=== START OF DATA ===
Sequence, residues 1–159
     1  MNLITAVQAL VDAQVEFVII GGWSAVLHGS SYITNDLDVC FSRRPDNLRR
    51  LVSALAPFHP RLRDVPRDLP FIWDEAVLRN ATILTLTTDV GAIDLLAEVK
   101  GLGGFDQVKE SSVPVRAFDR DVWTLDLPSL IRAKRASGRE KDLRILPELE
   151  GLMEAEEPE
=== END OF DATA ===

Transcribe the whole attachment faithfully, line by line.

Sequence, residues 1–159
     1  MNLITAVQAL VDAQVEFVII GGWSAVLHGS SYITNDLDVC FSRRPDNLRR
    51  LVSALAPFHP RLRDVPRDLP FIWDEAVLRN ATILTLTTDV GAIDLLAEVK
   101  GLGGFDQVKE SSVPVRAFDR DVWTLDLPSL IRAKRASGRE KDLRILPELE
   151  GLMEAEEPE